Oecologia Australis, Vol 5 (1998)

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Ecosystem health and integrity and the role of aquatic insects

T.P. MOULTON

Abstract


In recent years the terms "health" and "integrity" have been applied to ecosystems to convey normative judgements about their state and functioning. This has been criticized on the basis that the health metaphor is invalid since ecosystems are not organisms, they do not have consistent structures from one individual to the next, they do not develop in a predictable manner and they do not have homoeostatic mechanisms. Moreover there are dangers in pursuing ecosystem health as an operational management goal, since it diverts decision makers from a true understanding of the inherent processes. Despite these criticisms many ecologists would agree to maintain the terms health and integrity and use them with caution in a manner that does not imply organismal properties. Under this usage, health refers to the desirable state and functioning (which is normally, although not exclusively, related to the pristine state of the ecosystem). Integrity relates to the degree to which the ecosystem's components (species) are similar to the pristine state. Aquatic insects have been used extensively for the monitoring of aquatic ecosystem health and integrity, achieving, as well, a role in the environmental legislation of certain states and countries. They are used in Rapid Assessment Protocols, in evaluation using indices (metrics and multimetrics) and in multivariate methods.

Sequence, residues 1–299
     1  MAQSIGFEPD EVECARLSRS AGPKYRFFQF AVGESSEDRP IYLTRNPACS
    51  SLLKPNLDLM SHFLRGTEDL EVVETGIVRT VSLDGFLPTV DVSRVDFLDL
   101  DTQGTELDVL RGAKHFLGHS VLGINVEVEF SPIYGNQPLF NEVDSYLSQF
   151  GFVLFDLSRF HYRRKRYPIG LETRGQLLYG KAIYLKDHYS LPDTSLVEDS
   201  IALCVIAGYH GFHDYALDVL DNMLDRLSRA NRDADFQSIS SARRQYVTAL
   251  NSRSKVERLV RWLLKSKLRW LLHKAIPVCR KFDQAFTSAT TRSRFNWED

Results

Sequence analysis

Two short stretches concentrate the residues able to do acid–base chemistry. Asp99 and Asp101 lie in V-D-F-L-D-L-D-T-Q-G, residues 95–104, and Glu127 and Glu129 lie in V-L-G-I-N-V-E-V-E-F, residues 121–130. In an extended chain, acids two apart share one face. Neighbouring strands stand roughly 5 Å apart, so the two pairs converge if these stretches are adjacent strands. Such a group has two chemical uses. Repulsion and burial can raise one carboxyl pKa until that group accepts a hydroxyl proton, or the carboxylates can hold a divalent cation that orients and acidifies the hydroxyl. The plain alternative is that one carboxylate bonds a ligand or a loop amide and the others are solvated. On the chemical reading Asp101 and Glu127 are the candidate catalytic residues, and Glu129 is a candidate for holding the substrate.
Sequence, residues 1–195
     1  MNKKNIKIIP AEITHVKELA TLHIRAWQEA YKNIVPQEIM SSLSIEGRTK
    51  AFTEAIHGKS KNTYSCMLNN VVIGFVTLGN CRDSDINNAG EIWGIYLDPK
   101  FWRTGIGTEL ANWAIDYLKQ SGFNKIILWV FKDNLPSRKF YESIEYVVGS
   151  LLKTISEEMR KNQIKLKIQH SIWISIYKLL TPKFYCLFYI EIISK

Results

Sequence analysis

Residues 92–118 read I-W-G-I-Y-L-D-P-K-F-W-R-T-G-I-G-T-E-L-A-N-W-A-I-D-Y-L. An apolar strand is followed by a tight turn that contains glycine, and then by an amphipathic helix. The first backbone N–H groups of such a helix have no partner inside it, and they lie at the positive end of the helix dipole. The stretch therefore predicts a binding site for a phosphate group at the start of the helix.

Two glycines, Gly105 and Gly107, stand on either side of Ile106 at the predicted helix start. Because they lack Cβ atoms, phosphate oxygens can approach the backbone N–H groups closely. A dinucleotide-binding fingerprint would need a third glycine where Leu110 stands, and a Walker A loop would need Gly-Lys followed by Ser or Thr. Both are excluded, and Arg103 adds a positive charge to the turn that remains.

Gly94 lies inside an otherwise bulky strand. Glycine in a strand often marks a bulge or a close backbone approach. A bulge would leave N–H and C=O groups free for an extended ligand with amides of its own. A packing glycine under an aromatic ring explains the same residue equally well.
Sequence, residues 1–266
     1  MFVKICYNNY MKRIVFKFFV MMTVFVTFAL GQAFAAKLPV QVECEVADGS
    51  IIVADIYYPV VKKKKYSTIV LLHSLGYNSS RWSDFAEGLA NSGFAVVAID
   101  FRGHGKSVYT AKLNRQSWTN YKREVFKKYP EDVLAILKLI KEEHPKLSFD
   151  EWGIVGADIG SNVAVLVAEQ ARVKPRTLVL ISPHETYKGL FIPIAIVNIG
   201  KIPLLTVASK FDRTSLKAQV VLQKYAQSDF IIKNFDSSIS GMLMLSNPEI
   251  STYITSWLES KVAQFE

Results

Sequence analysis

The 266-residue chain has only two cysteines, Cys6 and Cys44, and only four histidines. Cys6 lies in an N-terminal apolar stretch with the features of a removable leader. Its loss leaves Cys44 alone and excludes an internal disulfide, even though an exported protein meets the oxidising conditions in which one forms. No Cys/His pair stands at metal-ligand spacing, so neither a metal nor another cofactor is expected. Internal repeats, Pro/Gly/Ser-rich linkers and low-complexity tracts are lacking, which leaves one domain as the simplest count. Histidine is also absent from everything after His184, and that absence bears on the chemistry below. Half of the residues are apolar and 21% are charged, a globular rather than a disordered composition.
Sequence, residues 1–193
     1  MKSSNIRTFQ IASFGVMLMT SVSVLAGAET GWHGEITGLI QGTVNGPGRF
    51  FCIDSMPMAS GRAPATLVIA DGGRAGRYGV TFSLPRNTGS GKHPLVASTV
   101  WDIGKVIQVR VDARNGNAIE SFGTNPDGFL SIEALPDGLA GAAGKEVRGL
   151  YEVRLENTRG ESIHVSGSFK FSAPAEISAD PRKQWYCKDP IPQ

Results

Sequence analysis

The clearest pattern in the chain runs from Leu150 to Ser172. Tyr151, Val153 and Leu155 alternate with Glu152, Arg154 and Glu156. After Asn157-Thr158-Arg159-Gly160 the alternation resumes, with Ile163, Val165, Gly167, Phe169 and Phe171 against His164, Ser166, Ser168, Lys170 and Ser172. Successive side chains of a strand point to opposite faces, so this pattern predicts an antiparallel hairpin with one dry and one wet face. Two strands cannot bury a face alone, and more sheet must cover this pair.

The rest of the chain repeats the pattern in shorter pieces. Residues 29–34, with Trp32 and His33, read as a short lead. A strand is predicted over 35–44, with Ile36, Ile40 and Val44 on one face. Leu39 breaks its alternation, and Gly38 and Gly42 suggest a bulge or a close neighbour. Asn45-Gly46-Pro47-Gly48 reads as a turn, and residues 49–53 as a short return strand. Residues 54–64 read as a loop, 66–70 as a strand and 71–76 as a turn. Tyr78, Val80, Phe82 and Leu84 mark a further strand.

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ISSN 2177-6199